In a cross-sectional study, we assessed effects of calcineurin inhibitor (CNI) or rapamycin on T-regulatory (Treg) cells from children with stable liver (n = 53) or kidney (n = 9) allografts several years posttransplant. We analyzed Treg number, phenotype, suppressive function, and methylation at the Treg-specific demethylation region (TSDR) using Tregs and peripheral blood mononuclear cells. Forty-eight patients received CNI (39 as monotherapy) and 12 patients received rapamycin (9 as monotherapy). Treg numbers diminished over time on either regimen, but reached significance only with CNI (r =-0.424, p = 0.017). CNI levels inversely correlated with Treg number (r =-0.371, p = 0.026), and positively correlated with CD127+ expression by Tregs (r = 0.437, p = 0.023). Patients with CNI levels >3.6 ng/mL had weaker Treg function than those with levels <3.6 ng/mL, whereas rapamycin therapy positively correlated with Treg numbers (r = 0.628, p = 0.029) and their expression of CTLA4 (r = 0.726, p = 0.041). Overall, CTLA4 expression, TSDR demethylation and an absence of CD127 were important for Treg suppressive function. We conclude that rapamycin has beneficial effects on Treg biology, whereas long-term and high dose CNI use may impair Treg number, function and phenotype, potentially acting as a barrier to attaining host hyporesponsiveness to an allograft.
We report four cases of breast cancer transmission to transplant recipients from a single organ donor that occurred years after donation. The diagnosis of breast cancer was occult at the time of donation. All of the recipients developed a histologically similar type of breast cancer within 16 months to 6 years after transplantation. Three out of four recipients died as a result of widely metastasized disease. One of the recipients survived after transplant nephrectomy followed by cessation of immunosuppression and chemotherapy. This extraordinary case points out the often fatal consequences of donor derived breast cancer and suggests that removal of the donor organ and restoration of immunity can induce complete remission. This article is protected by copyright. All rights reserved.
Bronchiolitis obliterans syndrome (BOS), a condition of irreversible small airway fibrosis, is the principal factor limiting long-term survival after lung transplantation. Bronchoscopy and bronchoalveolar lavage (BAL), techniques central to lung transplant clinical practice, provide a unique opportunity to interrogate the lung allograft during BOS development and identify potential disease mechanisms or biomarkers. Over the past 20 years, numerous studies have evaluated the BAL cellular composition, cytokine profiles and protein constituents in lung transplant recipients with BOS. To date, however, no summative evaluation of this literature has been reported. We developed and applied objective criteria to qualitatively rank the strength of associations between BAL parameters and BOS in order to provide a comprehensive and systematic assessment of the literature. Our analysis indicates that several BAL parameters, including neutrophil count, interleukin-8, alpha defensins and MMP-9, demonstrate highly replicable associations with BOS. Additionally, we suggest that considerable opportunity exists to increase the knowledge gained from BAL analyses in BOS through increased sample sizes, covariant adjustment and standardization of the BAL technique. Further efforts to leverage analysis of BAL constituents in BOS may offer great potential to provide additional in-depth and mechanistic insights into the pathogenesis of this complex disease.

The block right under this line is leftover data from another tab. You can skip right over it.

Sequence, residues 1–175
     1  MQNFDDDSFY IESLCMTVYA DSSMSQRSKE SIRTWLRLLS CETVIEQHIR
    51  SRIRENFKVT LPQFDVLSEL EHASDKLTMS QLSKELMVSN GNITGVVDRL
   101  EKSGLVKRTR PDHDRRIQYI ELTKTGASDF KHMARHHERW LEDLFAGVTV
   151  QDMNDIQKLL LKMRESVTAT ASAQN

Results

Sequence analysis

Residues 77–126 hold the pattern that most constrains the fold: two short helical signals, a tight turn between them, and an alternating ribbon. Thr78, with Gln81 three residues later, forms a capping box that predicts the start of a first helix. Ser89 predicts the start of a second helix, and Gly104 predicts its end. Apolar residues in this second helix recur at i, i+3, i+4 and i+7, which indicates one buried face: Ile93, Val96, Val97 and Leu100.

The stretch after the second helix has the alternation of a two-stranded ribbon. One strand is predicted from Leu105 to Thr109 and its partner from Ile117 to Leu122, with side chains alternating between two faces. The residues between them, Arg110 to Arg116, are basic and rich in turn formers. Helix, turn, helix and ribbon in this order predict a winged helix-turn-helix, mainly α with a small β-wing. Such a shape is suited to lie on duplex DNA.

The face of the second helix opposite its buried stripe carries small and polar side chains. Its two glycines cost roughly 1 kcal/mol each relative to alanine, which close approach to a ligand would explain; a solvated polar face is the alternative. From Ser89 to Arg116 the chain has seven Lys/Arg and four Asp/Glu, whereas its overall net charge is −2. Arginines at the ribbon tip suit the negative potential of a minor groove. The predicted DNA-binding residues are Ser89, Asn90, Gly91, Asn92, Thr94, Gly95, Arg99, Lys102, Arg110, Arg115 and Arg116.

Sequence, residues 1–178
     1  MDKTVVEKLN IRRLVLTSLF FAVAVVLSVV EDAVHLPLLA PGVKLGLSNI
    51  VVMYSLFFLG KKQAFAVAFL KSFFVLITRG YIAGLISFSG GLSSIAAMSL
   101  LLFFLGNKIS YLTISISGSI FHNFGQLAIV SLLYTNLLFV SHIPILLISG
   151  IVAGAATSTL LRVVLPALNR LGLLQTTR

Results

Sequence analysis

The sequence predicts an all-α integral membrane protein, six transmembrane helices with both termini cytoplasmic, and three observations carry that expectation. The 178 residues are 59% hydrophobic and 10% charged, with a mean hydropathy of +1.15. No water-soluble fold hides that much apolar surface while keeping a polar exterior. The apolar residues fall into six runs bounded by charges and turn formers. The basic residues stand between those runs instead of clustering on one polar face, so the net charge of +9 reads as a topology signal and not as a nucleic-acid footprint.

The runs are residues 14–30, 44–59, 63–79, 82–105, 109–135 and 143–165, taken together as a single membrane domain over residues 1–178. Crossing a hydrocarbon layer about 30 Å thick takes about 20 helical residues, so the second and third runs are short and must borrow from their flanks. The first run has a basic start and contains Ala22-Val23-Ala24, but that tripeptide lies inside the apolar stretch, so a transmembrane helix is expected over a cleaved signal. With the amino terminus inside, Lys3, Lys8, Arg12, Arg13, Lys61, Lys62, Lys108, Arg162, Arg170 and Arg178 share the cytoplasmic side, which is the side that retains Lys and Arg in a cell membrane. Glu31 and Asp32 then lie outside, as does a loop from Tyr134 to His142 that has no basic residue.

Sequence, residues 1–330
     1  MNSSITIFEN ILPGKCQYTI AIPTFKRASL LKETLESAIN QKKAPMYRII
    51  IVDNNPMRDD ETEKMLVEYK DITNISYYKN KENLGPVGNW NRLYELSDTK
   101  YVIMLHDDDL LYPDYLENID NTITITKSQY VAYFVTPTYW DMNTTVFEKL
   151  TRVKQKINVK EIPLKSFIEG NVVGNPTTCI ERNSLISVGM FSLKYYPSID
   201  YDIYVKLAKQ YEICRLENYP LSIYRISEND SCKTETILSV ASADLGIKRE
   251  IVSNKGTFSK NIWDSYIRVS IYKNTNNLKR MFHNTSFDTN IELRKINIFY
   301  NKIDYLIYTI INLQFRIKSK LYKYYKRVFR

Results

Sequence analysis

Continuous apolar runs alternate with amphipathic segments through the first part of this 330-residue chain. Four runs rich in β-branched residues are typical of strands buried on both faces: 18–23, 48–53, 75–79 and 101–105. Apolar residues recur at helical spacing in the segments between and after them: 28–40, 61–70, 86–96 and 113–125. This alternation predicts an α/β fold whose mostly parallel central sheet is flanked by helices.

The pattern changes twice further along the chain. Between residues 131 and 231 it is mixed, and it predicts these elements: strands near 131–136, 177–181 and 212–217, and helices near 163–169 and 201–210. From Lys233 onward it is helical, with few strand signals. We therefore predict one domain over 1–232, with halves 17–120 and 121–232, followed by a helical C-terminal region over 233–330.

The optimal management in transplant recipients with COVID-19 remains uncertain. The main concern is the ability of immunosuppressed patients to generate sufficient immunity for antiviral protection. Here, we report on immune monitoring facilitating a successful outcome of severe SARS-CoV-2-associated pneumonia, meningoencephalitis, gastroenteritis and acute kidney and pancreas graft failure in a pancreas-kidney transplant recipient. Despite the very low numbers of circulating B-, NK-, and T-cells identified in follow up, a strong SARS-CoV-2 reactive T-cell response was observed. Importantly, we detected T-cells reactive to Spike, Membrane, and Nucleocapsid proteins of SARS-CoV-2 with majority of T-cells showing polyfunctional pro-inflammatory Th1 phenotype at all analyzed time points. Antibodies against Spike protein were also detected with increasing titers in follow up. Neutralization tests confirmed their antiviral protection. A correlation between cellular and humoral immunity was observed underscoring the specificity of demonstrated data. We conclude that analyzing the kinetics of non-specific and SARS-CoV-2-reactive cellular and humoral immunity can facilitate the clinical decision on immunosuppression adjustment and allow successful outcome as demonstrated in the current clinical case. While the antiviral protection of the detected SARS-CoV-2-reactive T-cells requires further evaluation, our data prove an ability mounting a strong SARS-CoV-2-reactive T-cell response with functional capacity in immunosuppressed patients.
The current outbreak of Coronavirus Disease 2019 (COVID-19) has raised great concern worldwide, but its impact on transplant recipients is unknown. We report here the clinical features and therapeutic course of the first reported renal transplant recipient with confirmed COVID-19 pneumonia. This is a 52-year-old man who received kidney transplantation 12 years ago. His overall clinical characteristics (symptoms, laboratory examinations, and chest CT) were similar to those of non-transplanted COVID-19 patients. Following a treatment regimen consisting of reduced immunosuppressant use and low dose methylprednisolone-based therapy, the COVID-19 pneumonia in this long-term immunosuppressive patient was successfully recovered. This effectively treated case has reference value for the future treatment of other transplant patients with COVID-19 pneumonia.